Authorlife: It Can’t Be About Fame or Money

Sales.  We all would love to see consistent sales of our products. They can be books, services such as coaching classes, art, games, etc. The list goes on. As an author, learning to accept that we will suffer times of feast and famine is a part of the art of marketing and writing itself. 

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[Newsletter] New Projects, Appearances, Oh My!

For those who want to know what's up! So many exciting things coming your way! Read on!

Snail to Sprint: How to Write Your First Draft in 4 Weeks by Michelle Rene

We all want to write as many books as possible in our lives, right?  The problem is, we seem to get ourselves stuck in the lull of every day life. Laziness, procrastination, work, kids, etc all seem to play against our desires to write another one of our stories we long to tell.

How to Navigate Book Marketing 101

Book marketing is hard. It's the proverbial elephant in the room many indie and self-published authors dread the most. For this article, we hope to alleviate some of your fears by offering some tips and tricks we've learned in our own endeavors. We hope to help you as well!

3 Moves Entrepreneurs Must Make by Gerald Pilcher

There’s a lot of pressure for small-business owners to be masters of every aspect of their business. This is especially true when you’re first starting out and are often a one-person […] With somewhat limited resources and fear of failing, small-business owners will often push challenging tasks to the back burner. This may work out […] … Continue reading 3 Moves Entrepreneurs Must Make by Gerald Pilcher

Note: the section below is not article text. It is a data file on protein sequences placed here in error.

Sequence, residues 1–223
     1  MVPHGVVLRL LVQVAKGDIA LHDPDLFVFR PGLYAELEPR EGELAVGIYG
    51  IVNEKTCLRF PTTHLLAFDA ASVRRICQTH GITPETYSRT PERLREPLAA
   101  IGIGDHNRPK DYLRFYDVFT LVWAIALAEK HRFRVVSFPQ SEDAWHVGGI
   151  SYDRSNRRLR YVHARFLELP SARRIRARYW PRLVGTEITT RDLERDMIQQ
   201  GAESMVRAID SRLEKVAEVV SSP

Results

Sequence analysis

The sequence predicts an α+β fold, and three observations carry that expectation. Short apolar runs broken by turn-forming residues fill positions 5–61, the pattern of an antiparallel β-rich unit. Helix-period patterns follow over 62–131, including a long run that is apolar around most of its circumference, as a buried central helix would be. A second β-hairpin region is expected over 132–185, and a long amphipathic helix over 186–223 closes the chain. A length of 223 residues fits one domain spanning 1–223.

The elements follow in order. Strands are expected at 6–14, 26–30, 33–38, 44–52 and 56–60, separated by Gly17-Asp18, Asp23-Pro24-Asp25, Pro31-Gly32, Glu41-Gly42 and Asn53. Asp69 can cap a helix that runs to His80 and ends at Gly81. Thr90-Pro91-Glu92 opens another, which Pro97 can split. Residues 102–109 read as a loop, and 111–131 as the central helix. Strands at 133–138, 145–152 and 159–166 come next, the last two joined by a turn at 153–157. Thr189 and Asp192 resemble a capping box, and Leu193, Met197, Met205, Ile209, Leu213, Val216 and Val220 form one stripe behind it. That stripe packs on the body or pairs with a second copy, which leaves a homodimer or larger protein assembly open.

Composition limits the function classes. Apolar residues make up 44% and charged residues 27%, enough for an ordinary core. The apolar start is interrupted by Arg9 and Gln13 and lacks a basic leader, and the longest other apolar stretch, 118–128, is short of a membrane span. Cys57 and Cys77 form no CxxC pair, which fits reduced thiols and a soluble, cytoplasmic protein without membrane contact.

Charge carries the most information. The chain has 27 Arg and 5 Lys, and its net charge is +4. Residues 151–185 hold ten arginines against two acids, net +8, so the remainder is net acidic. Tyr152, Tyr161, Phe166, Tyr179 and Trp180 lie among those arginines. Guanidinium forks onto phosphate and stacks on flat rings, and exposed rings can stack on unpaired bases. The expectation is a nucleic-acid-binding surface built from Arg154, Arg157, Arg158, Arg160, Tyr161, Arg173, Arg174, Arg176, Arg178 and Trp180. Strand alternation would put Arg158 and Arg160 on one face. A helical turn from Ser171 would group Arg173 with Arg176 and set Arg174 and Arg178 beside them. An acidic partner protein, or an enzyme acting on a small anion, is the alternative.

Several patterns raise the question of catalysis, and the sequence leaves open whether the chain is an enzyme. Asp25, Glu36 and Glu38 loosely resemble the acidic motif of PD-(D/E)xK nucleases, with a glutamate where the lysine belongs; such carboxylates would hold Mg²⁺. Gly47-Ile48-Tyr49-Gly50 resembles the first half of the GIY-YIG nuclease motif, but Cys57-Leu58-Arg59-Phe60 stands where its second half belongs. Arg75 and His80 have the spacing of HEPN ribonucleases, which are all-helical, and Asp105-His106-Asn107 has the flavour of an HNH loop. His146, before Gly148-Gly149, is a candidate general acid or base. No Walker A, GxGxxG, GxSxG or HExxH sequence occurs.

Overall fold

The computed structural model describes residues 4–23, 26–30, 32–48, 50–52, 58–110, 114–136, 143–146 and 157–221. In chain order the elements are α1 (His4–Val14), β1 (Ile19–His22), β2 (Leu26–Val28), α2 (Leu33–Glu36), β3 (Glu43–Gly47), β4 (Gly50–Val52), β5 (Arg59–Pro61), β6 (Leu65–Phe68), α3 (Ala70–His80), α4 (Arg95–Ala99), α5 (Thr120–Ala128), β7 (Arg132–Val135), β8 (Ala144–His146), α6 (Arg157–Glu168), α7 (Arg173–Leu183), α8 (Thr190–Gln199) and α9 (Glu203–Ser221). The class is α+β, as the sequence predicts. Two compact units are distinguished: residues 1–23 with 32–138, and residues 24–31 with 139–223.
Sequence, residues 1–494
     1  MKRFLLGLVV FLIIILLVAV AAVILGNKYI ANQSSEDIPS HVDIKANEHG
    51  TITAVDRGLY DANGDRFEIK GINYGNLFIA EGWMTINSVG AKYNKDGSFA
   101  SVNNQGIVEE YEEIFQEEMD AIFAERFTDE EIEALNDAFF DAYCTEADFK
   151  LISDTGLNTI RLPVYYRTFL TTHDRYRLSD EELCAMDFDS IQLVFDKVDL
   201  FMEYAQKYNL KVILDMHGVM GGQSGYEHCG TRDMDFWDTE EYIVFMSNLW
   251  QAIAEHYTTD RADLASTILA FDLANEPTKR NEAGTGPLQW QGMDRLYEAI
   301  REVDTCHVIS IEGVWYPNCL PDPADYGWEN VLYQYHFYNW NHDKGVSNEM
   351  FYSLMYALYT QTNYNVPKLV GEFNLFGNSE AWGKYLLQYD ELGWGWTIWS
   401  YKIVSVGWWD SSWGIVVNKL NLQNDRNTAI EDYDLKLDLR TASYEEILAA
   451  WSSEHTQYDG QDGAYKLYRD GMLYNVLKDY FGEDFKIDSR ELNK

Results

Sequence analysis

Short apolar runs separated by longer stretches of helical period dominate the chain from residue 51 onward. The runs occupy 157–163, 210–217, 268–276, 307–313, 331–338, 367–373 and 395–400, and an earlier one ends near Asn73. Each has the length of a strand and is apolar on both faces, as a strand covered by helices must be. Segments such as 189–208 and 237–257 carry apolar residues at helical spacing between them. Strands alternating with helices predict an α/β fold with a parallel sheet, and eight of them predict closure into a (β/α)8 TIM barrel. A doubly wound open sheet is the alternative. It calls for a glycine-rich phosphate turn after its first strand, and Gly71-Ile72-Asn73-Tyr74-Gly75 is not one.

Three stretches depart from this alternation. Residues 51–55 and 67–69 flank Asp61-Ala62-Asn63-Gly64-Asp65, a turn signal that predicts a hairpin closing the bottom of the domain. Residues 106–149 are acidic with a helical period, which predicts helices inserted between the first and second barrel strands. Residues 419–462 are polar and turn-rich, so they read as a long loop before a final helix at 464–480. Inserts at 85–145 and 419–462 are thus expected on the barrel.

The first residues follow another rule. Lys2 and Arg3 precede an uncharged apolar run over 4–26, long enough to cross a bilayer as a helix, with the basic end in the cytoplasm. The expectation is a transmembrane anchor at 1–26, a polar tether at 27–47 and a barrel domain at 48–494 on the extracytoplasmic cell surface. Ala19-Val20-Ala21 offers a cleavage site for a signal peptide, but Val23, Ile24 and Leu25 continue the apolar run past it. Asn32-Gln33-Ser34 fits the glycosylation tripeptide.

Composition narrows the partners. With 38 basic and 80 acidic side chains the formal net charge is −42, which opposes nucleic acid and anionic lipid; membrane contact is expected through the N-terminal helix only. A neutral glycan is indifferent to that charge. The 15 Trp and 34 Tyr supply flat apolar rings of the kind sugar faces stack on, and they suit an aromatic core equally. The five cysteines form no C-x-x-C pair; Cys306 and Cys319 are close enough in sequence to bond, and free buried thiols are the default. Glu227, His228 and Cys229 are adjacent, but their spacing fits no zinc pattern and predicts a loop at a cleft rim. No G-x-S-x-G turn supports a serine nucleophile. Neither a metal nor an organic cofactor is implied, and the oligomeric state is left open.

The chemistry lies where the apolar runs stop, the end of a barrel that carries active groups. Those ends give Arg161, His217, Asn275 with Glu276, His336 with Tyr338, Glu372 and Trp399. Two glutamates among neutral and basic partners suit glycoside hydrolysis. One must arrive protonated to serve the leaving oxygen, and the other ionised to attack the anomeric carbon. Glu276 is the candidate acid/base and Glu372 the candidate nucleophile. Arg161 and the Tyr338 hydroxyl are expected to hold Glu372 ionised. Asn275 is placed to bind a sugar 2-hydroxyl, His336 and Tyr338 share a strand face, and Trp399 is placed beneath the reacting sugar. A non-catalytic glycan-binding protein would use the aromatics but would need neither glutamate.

[Marketing 101] The Importance of Investing in People

When you hear the names Harley Davidson, Ed Catmull, J.K Rowling, Jeff Bezos and Mark Zuckerberg, what do you think of? Do you think of motorcycles? How about Pixar? Harry Potter? Amazon or of course, Facebook? What do all these success stories have in common? Yes, they have overwhelmingly popular brands making thousands of dollars every day. BUT! What is it they all have in common? What gave them the appeal? Did they just wake up and have these massive empires? The answer is an all over resounding, NO!

“Bestseller” Does Not Have To Mean Best Seller

"Bestseller"  That little orange star-bursting banner many authors strive to reach in Amazon's ever growing sea of book titles. What makes this particular status so appealing? Is it an increase in book sales, reviews or maybe just the notoriety? Does it validate us in a way?